Interview with chef Diane Kochilas:
“Attica is a complicated region with a multitude of gastronomical options, very high quality products, and equally good value for money with respect to quality”.
1. Ms Kochilas, does love for Attica pass through the stomach?
Of course it does! The gastronomical world of Attica follows three different axes: classic traditional Greek cuisine, modern Greek cuisine, and international tastes.
2. How would you describe a menu with the taste and aroma of Attica?
I think we need to spread our wings when providing a rounded taste of Attica. For me, a meal or dinner would ideally start with a cocktail, while taking in the view of the Acropolis, it would continue at a classic taverna with traditional Greek tastes, such as lahanodolmades (cabbage rolls), a tasty salad, or the renowned fish of Athens, which is, traditionally, a homey taste, to give visitors a baseline; and for dessert I would recommend tasty loukoumades (dumplings) or galaktoboureko (semolina custard in syrupy filo) at one of Athens’ old patisseries.
3. After writing 18 cookery books and having had them all translated into English, what traditional Greek cuisine recipes are the ones that are most popular among your readers and followers?
According to my website statistics, I would say that my most popular recipe is spetsofai (sausage and peppers)! Other popular recipes are soutzoukakia smyrneika (spicy meatballs in red sauce), many variations on shrimp saganaki, as well as vegetarian dishes, such as spanakoryzo (spinach and rice), a variety of saut?ed greens, and pilaf.
4. Home cooking, taverna, street food, award-winning restaurants. Tell us about the gastronomical options available to Attica visitors.
Most popular among international visitors are the small tavernas, whether on the mainland or on the islands of Attica. Visitors want to go to restaurants that have won awards for a different gastronomical experience, but they also seek the purity of taste in simpler venues. Tourists like to go to places they wouldn’t find on their own, little bistros, places that serve meze, and traditional tavernas in arcades in downtown Athens or hidden away where they’re hard to spot. Welcoming, affordable places where they can try simple, traditional recipes, and be welcomed with a smile. And Attica, from one end to the other, whether in central Athens, the suburbs, or on its beautiful islands like Aegina or Poros, has this authenticity of taste, the peoples’ love for what they do, and their warmth.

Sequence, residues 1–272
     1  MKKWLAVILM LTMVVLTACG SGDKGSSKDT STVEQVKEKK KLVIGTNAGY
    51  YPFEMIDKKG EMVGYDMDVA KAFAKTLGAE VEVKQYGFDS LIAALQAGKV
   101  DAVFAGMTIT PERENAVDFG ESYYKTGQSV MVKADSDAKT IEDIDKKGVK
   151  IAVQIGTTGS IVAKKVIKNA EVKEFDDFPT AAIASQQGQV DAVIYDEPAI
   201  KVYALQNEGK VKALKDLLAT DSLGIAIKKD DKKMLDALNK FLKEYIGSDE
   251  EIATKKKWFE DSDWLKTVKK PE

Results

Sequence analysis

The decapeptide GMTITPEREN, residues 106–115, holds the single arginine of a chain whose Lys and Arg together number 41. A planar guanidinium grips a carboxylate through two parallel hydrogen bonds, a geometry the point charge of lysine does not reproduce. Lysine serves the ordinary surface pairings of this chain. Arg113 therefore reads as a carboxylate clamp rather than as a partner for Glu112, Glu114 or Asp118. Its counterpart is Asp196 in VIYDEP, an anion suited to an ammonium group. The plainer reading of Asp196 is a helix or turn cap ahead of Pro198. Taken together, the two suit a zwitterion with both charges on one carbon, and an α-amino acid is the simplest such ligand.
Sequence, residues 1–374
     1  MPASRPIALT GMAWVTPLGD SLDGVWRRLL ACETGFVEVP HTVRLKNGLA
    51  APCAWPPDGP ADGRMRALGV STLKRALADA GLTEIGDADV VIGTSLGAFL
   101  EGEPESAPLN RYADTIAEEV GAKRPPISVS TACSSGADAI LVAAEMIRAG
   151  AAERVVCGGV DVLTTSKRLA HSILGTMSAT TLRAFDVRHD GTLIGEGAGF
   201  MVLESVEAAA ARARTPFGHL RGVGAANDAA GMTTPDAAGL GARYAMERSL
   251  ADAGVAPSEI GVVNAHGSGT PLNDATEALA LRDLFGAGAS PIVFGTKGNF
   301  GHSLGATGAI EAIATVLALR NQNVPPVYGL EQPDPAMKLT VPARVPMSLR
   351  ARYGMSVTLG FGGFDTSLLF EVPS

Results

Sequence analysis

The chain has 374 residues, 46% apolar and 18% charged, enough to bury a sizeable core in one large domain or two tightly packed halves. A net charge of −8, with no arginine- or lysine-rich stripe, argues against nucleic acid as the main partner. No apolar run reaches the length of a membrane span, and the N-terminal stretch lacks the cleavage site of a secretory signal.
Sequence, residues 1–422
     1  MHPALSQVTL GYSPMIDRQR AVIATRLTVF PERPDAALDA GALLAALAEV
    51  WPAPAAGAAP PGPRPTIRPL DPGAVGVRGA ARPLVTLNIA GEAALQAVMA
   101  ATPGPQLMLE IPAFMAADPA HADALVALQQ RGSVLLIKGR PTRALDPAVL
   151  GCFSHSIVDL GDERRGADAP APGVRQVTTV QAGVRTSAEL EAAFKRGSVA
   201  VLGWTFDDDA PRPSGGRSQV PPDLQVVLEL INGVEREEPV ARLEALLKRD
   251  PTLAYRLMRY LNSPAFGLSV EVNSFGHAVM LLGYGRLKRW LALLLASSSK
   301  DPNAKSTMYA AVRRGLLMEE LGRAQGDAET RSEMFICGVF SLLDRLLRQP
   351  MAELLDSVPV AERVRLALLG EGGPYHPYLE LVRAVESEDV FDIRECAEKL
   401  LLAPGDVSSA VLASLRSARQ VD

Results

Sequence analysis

5. Do you believe that Attica’s gastronomy has changed in recent years and how do you imagine its gastronomical future?
There has been great development in Attica’s gastronomy in recent decades. I have been here since 1992 and have watched the entire journey. Many years before the 2004 Olympics, we had pushed to the side the concept of tradition in taste. Then there was a sharp turn and we rediscovered our roots and identity as regards taste, and moved forward dynamically, developing traditional Greek tastes. The years of the crisis temporarily stopped this progress, which is now pressing on, full steam ahead. Attica is a complicated region with a multitude of gastronomical options, very high quality products, and equally good value for money with respect to quality.
6. What routes on Attica’s gastronomical map would you recommend to visitors?
I would definitely recommend that meat lovers visit the triangle at Kalyvia and fish lovers visit Piraeus. There is also a unique route in the Kallidromiou street market, which is, in my opinion, the most beautiful street market in Athens. I would recommend visitors go early in the morning to enjoy the colours and scents from the stands, and then take a stroll to Patissia, which although located down town, is an unexpected surprise. On its pavements one will see olive trees, orange trees, fig trees, an unexpectedly pleasant sight for foreigners, as they do not encounter it where they are from. I would definitely recommend a stop at the Athens central market and the little shops around it, the spice shops on Evripidou Street, while no one should miss out on trying authentic Greek yoghurt, which all foreigners love! It would also be interesting to take a souvlaki-tour from Kaniggos Square to Syntagma Square, as well as a east-middle east tour, with tastes from Istanbul, eastern cuisine (such as Afghanistan, for example), and have some baklava for dessert! Victoria Square also has great bakeries for a breakfast snack and incredible little taverns and ethnic restaurants if you want to try something different. For a unique experience, I would recommend a rebetiko tavern, with meze and live music.
7. What Attica products would you offer to a visitor from abroad?
I would give them wine, a modern version of retsina, cheese from Mesogia, maybe some small desserts, such as sesame bars with pistachio nuts, artisanal Greek chocolates from Kolonaki, and pies. I would add to the gift basket items that have to do with taste, created by people in Attica who produce utensils, ceramics, even aprons with modern designs.
8. Unique tastes are combined in visitors’ memory with specific locations and cultures. What recipes would you recommend to a traveller, in order for them to be able to cook a dinner when they return home, that will mentally take them back to Attica?
I would mainly recommend vegetarian dishes, which are unique and intertwined with Greece, such as our ladera (dishes cooked in olive oil), aubergine spread, olives, feta cheese, and other cheeses. Besides, this is what visitors send me in their pictures when they cook something Greek at home! They send me pictures with shrimp saganaki with tomato and feta cheese, courgette balls, lamb with potatoes in olive oil and oregano, and even leeks and courgettes. They even make tzatziki, while some people mess around with it and add more than just cucumber!